Imagine what John Coltrane’s music would sound like today if he was still alive.
That’s the idea behind Brooklyn’s Moon Hooch, which uses instruments to create electronic sounds.
The trio has a name for its unique musical genre.
“We call it ‘cave music’ because it’s house music but with live instruments, so it’s more primitive,” said Michael Wilbur, who plays tenor and soprano saxophone. “We (humans) live in houses now but we used to live in a cave.”
Wilbur’s high-tone horn is complemented with Wenzl McGowen’s low-baritone sax and contrabass clarinet, a nearly 5-foot long and 100-year-old instrument. James Muschler plays drums.
Coltrane was a hard bop and bebop jazz player who collaborated with other jazz icons such as Thelonious Monk and Miles Davis. He was a pioneer in spiritual free jazz when he died at age 40 in 1967.
“Coltrane showed me what the saxophone can do, what you can really say with it,” Wilbur said. “His music was going more of the cosmic route. It was a cosmic language that was more energy than anything. I know he would have kept going with that.
His last album (‘The Olatunji Concert: The Last Live Recording’) is like pure energy screaming through the universe. There are pictures of him with acoustic electronic manipulators and I am sure he would have gone into that realm. I can’t say we picked up where he left off … But without his music we would not exist. There’s no way.”
Moon Hooch’s horns go through a laptop to create, if you will, a reverse DJ. For now, it is popular with jam and jazz scenes, rather than the electronic world.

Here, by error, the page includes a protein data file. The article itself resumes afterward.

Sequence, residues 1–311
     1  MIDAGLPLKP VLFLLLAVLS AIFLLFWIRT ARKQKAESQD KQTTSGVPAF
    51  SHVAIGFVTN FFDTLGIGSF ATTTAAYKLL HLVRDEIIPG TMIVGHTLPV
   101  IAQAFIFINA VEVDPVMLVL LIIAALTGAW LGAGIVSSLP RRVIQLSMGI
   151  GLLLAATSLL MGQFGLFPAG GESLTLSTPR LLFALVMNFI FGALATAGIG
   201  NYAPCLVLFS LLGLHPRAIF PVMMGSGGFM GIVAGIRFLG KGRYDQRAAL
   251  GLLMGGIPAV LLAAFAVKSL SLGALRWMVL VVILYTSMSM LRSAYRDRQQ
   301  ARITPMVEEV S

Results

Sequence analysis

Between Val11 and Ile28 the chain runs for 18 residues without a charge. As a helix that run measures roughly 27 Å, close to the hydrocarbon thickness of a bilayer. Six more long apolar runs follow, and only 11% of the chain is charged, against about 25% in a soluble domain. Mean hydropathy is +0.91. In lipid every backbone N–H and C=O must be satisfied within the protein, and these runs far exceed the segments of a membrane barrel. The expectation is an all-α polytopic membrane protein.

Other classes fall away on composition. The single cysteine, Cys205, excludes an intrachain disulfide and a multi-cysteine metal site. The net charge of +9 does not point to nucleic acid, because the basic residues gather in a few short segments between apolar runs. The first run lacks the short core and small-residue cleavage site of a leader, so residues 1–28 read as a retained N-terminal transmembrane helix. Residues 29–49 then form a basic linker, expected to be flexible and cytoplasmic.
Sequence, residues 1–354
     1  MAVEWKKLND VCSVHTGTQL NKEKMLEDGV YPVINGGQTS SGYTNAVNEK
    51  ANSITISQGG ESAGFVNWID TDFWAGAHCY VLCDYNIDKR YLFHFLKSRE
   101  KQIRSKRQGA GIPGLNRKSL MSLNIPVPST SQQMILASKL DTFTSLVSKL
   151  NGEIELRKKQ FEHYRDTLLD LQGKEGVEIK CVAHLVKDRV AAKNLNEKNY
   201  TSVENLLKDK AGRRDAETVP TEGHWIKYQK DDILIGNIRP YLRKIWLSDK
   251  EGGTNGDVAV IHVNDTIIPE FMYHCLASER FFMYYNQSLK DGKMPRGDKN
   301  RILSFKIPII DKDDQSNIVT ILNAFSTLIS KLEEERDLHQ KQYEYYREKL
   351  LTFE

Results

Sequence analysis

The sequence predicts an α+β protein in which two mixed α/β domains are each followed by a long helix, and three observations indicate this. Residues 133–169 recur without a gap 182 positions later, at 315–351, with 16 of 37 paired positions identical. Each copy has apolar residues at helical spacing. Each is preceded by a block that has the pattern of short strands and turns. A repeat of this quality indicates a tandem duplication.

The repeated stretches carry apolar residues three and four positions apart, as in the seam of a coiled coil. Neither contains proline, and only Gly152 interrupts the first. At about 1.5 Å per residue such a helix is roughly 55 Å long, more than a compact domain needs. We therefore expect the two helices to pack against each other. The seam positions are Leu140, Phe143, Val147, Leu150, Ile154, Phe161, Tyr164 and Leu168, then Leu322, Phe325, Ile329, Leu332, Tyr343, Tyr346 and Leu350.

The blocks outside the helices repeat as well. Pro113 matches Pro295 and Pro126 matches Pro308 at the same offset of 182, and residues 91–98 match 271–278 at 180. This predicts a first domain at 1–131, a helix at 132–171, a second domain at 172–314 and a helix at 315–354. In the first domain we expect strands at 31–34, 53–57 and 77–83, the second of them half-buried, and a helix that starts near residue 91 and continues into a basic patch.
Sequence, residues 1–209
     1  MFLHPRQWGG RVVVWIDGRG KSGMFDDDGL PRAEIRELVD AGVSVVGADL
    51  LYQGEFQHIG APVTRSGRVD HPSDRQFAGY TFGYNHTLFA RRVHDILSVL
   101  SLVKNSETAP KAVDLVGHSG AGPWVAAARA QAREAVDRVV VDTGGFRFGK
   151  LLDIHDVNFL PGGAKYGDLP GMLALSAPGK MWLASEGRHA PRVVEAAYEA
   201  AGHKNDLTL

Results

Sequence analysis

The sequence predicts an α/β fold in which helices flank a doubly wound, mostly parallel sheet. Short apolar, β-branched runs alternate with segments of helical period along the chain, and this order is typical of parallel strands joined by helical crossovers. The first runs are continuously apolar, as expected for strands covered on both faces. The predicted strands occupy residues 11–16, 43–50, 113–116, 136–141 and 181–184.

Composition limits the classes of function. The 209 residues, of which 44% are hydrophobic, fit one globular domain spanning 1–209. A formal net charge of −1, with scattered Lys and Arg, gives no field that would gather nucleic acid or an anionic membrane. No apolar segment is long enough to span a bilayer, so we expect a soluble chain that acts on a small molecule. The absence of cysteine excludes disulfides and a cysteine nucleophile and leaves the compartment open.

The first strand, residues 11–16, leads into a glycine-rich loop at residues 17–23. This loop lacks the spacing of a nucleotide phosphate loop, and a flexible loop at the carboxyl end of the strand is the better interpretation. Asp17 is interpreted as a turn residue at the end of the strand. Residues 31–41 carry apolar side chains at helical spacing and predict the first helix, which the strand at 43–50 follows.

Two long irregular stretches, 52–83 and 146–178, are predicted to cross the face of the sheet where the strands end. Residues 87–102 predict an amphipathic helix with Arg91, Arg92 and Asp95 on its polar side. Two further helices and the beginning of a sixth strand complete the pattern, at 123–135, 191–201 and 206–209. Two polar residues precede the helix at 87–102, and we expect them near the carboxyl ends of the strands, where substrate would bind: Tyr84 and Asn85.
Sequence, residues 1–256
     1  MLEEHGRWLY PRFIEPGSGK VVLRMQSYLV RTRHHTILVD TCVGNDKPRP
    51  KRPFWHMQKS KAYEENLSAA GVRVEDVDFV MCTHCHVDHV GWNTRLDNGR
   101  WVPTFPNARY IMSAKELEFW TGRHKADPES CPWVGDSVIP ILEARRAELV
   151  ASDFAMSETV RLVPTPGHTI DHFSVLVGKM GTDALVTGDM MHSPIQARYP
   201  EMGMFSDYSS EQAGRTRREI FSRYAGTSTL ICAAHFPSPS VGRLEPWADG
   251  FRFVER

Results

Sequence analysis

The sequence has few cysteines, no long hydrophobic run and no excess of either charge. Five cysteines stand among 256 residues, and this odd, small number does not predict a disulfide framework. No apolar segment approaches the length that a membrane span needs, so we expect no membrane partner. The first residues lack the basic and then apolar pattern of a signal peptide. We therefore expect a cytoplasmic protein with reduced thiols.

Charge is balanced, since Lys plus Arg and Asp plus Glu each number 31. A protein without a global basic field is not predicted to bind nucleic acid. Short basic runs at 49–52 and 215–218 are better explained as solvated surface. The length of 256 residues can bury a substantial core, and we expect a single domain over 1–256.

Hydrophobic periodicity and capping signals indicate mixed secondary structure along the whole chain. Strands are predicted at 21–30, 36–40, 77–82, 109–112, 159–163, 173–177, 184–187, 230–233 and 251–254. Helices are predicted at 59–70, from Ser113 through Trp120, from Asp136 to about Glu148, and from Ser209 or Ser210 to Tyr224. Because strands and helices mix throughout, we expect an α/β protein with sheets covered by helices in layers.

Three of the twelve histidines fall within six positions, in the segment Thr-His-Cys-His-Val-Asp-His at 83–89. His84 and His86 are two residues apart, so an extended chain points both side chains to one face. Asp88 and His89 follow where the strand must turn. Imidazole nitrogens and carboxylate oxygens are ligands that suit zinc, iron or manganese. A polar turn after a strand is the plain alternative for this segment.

Wilbur said he had an instant rapport with Muschler, but not McGowen, who he met at an audition for the John Coltrane Ensemble.
“He was into the intellectual, rigid, mechanical side of jazz, where I was more from the energetic, exploring free-flowing side of jazz,” Wilbur said. “We were polar opposites. The vibe he gave me was just awful, like, ‘Who is this guy who thinks he can play saxophone?’ ”
But the two became friends outside of music, attending bartending school together so they could help pay the bills in pricey New York. While each of the three band members attended jazz school, only Muschlerhas graduated.
Before Moon Hooch, the musicians played for tips on the streets and on subways platforms.
“It’s super competitive,” Wilbur said. “It’s cut throat, literally, almost. People threaten you. There are some tough cookies down there but we stand our ground.”
Moon Hooch was formed, well, organically.
Muschler and McGowen were busking in Washington Square when they met by happenstance with Wilbur and a drummer, who were also playing on a sidewalk.
“We started playing together, all four of us, and a giant dance party erupted, kind of like magic, with hundreds of people, and we made tons of money,” Wilbur said. “It was like, ‘Holy shit, we have to do this again.’ ”
McGowen had produced house music and started adapting it to saxophone and a drum set.
As they developed their organic-electronic sound, success came quickly.
“We went viral on the Internet and eventually we started touring the country in gigantic music venues,” Wilber said, referring to a tour with Mike Doughty, formerly of the experimental rock band Soul Coughing.
In September 2014, Moon Hooch released its second album, “This is Cave Music,” which, in contrast to the instrumental debut, has four songs with Wilbur on vocals.
“The vocals just happened naturally,” Wilbur said. “We wrote the songs early in the morning at motels or really late at night after shows, always in a car or motel lobby. Wenzl would lay down a line on the contrabass and I would just come up with the melody, a stream of consciousness.”
Review of Moon Hooch’s Lake Tahoe debut on March 11, 2015 in the Crystal Bay Casino. LINK